Good Food Guide 2022: The Melbourne innovators

Andrea Vignali (left) and Davide Bonadiman at Al Dente restaurant in Carlton.
Andrea Vignali (left) and Davide Bonadiman at Al Dente restaurant in Carlton. Photo: Eddie Jim

Tough times made these inspiring operators pivot hard and power on.

Al Dente Enoteca

Turning a side-hustle into stand-alone business

Andrea Vignali was cooking at Grossi Florentino when the pandemic descended. On a temporary visa and ineligible for JobKeeper, Vignali (above, with business partner Davide Bonadiman) started hand-making pasta in his tiny sharehouse kitchen and selling it via Instagram. Melbourne went crazy for his tortellini cacio e pepe and silky pappardelle, and the social media hustle expanded via ready-meals platform Cookaborough.

Vignali joined forces with Bonadiman and began delivering lasagne, lamb ragu and lemon tart across the city. The two Italians, together with Vignali's hospo powerhouse girlfriend Michelle Badek, then took on a bricks-and-mortar space in Carlton, opening Al Dente, first as an enoteca and now as an elegant restaurant. It's testament to the power of community (and cacio e pepe).

Joost Bakker

Building a viable future for our food system

Plenty of people advocate for sustainability, but Joost Bakker (pictured right, centre) has lived his eco-campaign for 25 years. He opened a zero-waste soup bar using bones discarded by restaurants (Brothl) and harvested urine to use as fertiliser (Greenhouse).

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In 2020 he built his most ambitious project yet, Future Food System, in collaboration with chefs Jo Barrett and Matt Stone (pictured). The 87-square-metre three-storey house at Federation Square is a closed-loop ecosystem, growing vegetables, edible insects, fish, honey and grain, generating gas from captured methane to fire a barbecue, and electricity from 36 solar panels on roof, fence and walls.

The house is open for tours and will remain on site until April, when it moves to Monbulk to become his mother's new home.

Nornie Bero

Championing native ingredients and Indigenous cuisine

Torres Strait Island woman Nornie Bero's colourful restaurant and bar Big Esso showcases the food she grew up with. There's coconut-cured kingfish and rock-baked yam as well as mainland native foods such as emu and green ants (which are great in a martini).

Big Esso – which is Torres Strait slang for "the biggest thank you" – builds on the success of Bero's Yarraville cafe Mabu Mabu, and presents a career path in hospitality to other First Nations people. 

"It's about being accessible and visible," she says. "Indigenous cuisine exists. I don't feel like that's ever been showcased before and I want everyone to experience this amazing cuisine."

AFR L&L Christmas Rethink story by Jill Dupleix for Dec 5 2021 glossy edition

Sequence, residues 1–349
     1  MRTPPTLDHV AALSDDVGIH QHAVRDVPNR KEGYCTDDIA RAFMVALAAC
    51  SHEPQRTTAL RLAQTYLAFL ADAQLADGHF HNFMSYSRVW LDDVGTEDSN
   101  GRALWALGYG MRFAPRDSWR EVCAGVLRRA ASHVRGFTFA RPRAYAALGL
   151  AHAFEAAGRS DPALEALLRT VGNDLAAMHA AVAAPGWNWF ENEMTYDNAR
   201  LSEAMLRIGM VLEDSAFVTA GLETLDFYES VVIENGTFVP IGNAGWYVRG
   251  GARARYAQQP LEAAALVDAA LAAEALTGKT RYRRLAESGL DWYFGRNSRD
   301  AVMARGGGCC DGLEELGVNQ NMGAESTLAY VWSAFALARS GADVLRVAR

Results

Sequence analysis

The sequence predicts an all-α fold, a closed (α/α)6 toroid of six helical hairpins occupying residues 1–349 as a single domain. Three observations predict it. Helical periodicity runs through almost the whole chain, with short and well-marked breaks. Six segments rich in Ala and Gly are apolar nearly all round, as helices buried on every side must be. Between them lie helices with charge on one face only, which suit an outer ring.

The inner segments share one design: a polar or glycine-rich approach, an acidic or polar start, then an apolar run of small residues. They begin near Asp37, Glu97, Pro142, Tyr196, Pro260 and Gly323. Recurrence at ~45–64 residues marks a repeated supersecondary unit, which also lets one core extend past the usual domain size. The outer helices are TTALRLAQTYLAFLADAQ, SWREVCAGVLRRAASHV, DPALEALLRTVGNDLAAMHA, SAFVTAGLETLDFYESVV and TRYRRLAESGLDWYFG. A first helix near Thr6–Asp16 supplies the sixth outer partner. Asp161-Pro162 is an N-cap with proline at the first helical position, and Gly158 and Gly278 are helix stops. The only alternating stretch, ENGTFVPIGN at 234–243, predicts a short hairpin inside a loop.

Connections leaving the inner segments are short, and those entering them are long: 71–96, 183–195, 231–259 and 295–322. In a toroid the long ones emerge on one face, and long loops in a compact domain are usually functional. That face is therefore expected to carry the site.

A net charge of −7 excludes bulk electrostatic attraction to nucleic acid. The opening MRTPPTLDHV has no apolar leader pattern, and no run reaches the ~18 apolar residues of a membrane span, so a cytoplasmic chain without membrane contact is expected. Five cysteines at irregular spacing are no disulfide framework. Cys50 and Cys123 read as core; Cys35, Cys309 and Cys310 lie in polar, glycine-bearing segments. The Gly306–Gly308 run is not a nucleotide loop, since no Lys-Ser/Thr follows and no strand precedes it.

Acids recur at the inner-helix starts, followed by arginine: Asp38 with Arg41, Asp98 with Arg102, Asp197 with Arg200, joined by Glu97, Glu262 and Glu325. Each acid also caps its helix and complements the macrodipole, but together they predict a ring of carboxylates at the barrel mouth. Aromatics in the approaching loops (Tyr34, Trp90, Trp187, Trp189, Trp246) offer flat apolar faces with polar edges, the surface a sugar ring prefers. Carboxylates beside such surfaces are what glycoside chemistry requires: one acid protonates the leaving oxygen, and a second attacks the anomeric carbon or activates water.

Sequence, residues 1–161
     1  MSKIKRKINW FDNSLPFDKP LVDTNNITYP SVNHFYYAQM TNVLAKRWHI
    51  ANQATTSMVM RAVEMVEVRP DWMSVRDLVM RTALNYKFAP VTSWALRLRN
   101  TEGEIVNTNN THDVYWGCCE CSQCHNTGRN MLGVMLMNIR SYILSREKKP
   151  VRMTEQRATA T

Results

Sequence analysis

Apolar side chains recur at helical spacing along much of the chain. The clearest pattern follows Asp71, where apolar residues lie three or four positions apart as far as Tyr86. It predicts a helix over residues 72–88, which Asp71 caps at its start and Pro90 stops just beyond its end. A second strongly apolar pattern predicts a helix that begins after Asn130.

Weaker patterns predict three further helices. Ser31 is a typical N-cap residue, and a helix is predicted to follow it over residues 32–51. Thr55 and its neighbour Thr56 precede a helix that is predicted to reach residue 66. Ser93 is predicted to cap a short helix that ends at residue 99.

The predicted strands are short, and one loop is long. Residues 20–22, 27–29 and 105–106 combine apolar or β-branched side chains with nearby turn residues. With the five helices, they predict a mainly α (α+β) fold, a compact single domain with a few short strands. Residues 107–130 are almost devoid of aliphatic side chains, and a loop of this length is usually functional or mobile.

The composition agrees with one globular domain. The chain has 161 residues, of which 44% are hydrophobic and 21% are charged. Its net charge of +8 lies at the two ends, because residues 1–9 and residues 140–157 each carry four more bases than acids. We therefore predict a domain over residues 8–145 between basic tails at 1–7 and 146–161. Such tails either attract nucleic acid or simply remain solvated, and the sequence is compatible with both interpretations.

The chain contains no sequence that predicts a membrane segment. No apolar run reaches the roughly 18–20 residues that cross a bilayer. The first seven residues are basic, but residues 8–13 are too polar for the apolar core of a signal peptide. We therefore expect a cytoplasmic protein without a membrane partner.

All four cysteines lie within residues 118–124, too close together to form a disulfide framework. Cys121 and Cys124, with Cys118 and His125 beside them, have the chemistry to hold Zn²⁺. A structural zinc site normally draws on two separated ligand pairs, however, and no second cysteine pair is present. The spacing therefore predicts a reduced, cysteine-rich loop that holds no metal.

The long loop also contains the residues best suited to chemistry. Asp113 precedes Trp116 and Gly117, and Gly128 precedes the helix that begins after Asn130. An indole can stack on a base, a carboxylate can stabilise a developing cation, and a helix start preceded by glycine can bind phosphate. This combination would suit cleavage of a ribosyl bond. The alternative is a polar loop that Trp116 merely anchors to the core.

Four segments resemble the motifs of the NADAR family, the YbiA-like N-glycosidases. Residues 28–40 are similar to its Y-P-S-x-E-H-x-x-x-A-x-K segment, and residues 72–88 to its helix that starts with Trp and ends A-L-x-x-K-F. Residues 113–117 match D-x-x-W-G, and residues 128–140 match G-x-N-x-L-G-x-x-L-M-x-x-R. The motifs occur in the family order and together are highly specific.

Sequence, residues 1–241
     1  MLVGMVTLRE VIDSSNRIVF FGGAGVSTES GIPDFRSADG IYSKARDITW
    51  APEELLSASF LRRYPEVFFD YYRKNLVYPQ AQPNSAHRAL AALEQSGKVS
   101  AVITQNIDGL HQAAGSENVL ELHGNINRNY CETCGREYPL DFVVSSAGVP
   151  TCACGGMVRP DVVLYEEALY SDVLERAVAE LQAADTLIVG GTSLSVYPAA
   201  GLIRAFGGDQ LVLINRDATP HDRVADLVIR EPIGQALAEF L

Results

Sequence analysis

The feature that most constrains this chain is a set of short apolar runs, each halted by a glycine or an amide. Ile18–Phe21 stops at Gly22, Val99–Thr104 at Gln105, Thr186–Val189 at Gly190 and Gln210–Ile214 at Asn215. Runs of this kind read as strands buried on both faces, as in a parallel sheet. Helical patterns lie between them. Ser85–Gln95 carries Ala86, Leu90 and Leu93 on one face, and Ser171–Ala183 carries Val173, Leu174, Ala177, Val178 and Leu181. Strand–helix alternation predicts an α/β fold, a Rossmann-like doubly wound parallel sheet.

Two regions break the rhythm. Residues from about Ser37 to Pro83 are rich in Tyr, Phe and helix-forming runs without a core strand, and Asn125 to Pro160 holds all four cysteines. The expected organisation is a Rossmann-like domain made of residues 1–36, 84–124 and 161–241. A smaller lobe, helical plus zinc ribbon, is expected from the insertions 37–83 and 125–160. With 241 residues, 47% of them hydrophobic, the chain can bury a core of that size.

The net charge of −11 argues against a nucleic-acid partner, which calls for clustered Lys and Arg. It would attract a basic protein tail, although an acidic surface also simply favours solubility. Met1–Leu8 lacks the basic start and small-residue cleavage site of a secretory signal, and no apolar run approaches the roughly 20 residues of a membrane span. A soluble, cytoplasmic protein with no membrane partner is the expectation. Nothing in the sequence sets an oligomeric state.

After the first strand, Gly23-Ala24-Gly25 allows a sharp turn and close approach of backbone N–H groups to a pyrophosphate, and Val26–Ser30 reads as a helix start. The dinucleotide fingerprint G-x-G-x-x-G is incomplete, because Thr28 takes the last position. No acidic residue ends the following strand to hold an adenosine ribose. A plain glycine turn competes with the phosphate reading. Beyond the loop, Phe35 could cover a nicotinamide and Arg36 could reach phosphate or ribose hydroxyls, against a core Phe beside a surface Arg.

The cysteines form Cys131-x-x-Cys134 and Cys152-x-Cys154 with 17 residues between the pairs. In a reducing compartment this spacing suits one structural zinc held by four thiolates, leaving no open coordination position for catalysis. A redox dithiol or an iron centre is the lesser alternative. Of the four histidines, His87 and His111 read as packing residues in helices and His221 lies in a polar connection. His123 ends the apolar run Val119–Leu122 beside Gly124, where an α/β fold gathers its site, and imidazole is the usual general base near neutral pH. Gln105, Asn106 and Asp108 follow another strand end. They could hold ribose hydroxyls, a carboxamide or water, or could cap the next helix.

SUPERNORMAL FESTIVE BANQUET
Providoor - Supernormal hero-ing the duck this Christmas

A finish-at-home banquet from Supernomal, available via Providoor.

Providoor

Delivering restaurant buzz at home

Chef and restaurateur Shane Delia can now add "technology start-up entrepreneur" to his CV. Frustrated with existing delivery services (high commissions, soggy food), he launched Providoor, a finish-at-home food delivery service for upmarket restaurants. Taking a smaller cut than major apps and offering better quality control, it was a lockdown lifeline for restaurants including Supernormal, Entrecote and Longrain, as well as Delia's own Maha. 

Providoor expanded to Sydney in July, and Brisbane will launch in early 2022. Delia notes that 70 per cent of customers encounter a restaurant for the first time through the platform, and 20 per cent end up visiting the restaurant in real life. "It's not just about driving boxes to houses, it's about getting bums on seats."

Photo of Chef Gareth Whitton in Fitzroy on Thursday 21 January 2021. Photo Luis Enrique Ascui

Gareth Whitton of Tarts Anon. Photo: Luis Enrique Ascui

Tarts Anon

Doing one thing, really well

Pastry chef Gareth Whitton lost his job in February 2020, when Dinner by Heston closed its doors. He was stacking shelves at Woolworths and baking tarts for fun when his girlfriend, Catherine Way convinced him they were good enough to sell. A flyer drop in their apartment building went ballistic and Tarts Anon was born.

Whitton initially made just 15 tarts a week from a tiny domestic oven; production has now scaled up to 200 from a pro kitchen in Cremorne. Pick-up orders for the thin, crisp pastries filled with combinations such as pear and almond, or oozy chocolate and caramel open each Monday night and sell out in as little as one minute. "Anyone who doesn't love tarts needs to have a long hard look at themselves," says Whitton.

This article features in the Good Food Guide 2022 magazine, published on November 30 with presenting partners Citi and Vittoria Coffee, and free with The Age. Also on sale from December 7 in newsagents and supermarkets.